How To Ripen Stanley Plums And Bartlett Pears
Unlike most other fruits, Bartlett pears need to be harvested while they are still deep green and unripe. Otherwise, the flesh is likely to become mealy when the pears soften. When these green, hard pears ripen, they’ll become lusciously soft and full of juice.
The pears you’ll be receiving will have been picked from the trees only a few days before you pick them up, so they should still be quite firm. Just follow these simple instructions to prepare them for fresh eating, baking, canning, or dehydrating.
- Check through your pears for blemishes. You’ll want to set any bruised or blemished fruit aside to use first.
- Set the pears you’d like to ripen on the counter. If you would like to ripen only a few pears at a time, put the rest in the fridge while they’re still hard. They’ll keep better that way.
- Your pears are ready to eat when they become fragrant, turn a greeny-golden color, and yield to the pressure of your thumb.
- Bartlett pears need about 4-5 days to soften before they’re ready to eat.
Allow your pears to become fully ripe before canning or dehydrating.
Storing Bartlett Pears
Bartlett pears keep best when they are put in the fridge while still hard and green. When you’re ready to eat some, just set them on the counter for a few days to ripen. The longer they’ve been in cold storage, the less time it will take for them to soften at room temperature. Read our full article about storing pears.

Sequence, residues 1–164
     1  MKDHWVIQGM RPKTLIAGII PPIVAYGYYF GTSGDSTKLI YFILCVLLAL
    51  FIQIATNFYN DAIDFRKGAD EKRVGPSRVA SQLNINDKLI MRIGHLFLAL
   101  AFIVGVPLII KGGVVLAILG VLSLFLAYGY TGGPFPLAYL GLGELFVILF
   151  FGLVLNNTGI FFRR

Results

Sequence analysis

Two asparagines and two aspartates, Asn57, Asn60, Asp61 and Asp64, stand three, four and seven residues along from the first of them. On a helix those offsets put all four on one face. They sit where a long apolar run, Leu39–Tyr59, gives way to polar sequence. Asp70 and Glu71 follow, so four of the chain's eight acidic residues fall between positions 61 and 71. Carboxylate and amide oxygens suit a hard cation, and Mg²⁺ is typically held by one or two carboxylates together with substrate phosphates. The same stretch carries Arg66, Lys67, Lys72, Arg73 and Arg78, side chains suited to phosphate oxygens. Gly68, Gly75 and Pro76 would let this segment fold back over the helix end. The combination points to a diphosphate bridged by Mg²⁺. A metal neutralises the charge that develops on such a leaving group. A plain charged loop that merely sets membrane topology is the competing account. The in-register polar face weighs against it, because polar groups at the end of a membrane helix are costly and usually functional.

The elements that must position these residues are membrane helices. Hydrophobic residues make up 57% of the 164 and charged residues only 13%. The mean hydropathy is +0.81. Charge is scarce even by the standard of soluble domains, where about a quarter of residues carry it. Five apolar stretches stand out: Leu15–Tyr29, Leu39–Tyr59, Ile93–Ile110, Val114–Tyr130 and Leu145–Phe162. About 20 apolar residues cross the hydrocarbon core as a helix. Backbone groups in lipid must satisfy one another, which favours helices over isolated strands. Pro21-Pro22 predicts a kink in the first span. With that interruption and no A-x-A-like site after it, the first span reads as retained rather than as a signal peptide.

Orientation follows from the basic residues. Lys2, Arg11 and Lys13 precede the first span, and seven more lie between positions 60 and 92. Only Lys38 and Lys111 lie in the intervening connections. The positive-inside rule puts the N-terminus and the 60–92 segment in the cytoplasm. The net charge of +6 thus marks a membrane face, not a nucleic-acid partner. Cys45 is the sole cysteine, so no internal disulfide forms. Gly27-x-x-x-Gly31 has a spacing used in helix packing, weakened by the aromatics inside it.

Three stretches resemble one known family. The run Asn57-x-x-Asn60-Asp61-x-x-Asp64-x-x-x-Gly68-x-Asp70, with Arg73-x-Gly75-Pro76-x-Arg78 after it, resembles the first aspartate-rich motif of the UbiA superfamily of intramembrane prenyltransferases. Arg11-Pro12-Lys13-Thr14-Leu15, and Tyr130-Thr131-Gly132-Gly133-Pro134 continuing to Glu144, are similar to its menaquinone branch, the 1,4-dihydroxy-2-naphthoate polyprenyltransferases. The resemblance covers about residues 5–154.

Stanley plums are a bit like peaches in that they are harvested when they’re mature but not soft. The plums can travel without bruising this way, and you have the flexibility to either process them all at once or eat a few at a time.
Stanley plums are naturally sweet-tart, but as they soften, they tend to sweeten too.
To prepare your plums for eating or processing, set the plums you want to ripen on the counter. If you would like to ripen only a few at a time, put the rest in the fridge while they’re still firm. They’ll keep better that way.
Generally speaking, Stanley plums stay more firm than the round Japanese plums we’re most familiar with at the market. You’ll know they’re ready to eat when their flesh is pleasantly soft and sweet.
Allow your plums to become fully ripe before making jams, canning or dehydrating.